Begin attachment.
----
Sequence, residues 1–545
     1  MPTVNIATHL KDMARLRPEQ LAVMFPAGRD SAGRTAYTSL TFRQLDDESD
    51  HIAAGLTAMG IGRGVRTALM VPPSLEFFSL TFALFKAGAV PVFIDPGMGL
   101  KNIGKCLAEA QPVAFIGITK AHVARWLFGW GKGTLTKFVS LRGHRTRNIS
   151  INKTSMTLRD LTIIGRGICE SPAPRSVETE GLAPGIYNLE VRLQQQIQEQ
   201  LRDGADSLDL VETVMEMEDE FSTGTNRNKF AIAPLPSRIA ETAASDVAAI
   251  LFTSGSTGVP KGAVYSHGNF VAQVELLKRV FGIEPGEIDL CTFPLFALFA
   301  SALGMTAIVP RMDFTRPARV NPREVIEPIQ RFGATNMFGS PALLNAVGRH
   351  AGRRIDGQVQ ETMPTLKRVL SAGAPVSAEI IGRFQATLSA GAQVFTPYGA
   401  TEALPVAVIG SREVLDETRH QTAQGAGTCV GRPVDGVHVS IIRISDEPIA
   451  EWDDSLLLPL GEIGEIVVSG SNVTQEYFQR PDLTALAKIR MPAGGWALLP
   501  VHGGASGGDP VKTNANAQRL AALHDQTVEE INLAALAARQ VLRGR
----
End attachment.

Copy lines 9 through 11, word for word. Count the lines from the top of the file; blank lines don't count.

   351  AGRRIDGQVQ ETMPTLKRVL SAGAPVSAEI IGRFQATLSA GAQVFTPYGA
   401  TEALPVAVIG SREVLDETRH QTAQGAGTCV GRPVDGVHVS IIRISDEPIA
   451  EWDDSLLLPL GEIGEIVVSG SNVTQEYFQR PDLTALAKIR MPAGGWALLP